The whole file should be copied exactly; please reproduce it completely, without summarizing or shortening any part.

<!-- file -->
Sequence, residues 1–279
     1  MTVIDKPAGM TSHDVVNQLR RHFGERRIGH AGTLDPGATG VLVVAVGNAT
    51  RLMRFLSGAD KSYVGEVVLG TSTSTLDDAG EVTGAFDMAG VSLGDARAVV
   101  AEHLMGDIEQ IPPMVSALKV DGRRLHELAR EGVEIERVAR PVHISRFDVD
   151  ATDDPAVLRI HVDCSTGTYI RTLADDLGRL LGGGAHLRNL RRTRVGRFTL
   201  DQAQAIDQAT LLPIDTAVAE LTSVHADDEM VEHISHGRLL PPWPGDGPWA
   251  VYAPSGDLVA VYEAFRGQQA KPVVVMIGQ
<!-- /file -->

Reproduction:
Sequence, residues 1–279
     1  MTVIDKPAGM TSHDVVNQLR RHFGERRIGH AGTLDPGATG VLVVAVGNAT
    51  RLMRFLSGAD KSYVGEVVLG TSTSTLDDAG EVTGAFDMAG VSLGDARAVV
   101  AEHLMGDIEQ IPPMVSALKV DGRRLHELAR EGVEIERVAR PVHISRFDVD
   151  ATDDPAVLRI HVDCSTGTYI RTLADDLGRL LGGGAHLRNL RRTRVGRFTL
   201  DQAQAIDQAT LLPIDTAVAE LTSVHADDEM VEHISHGRLL PPWPGDGPWA
   251  VYAPSGDLVA VYEAFRGQQA KPVVVMIGQ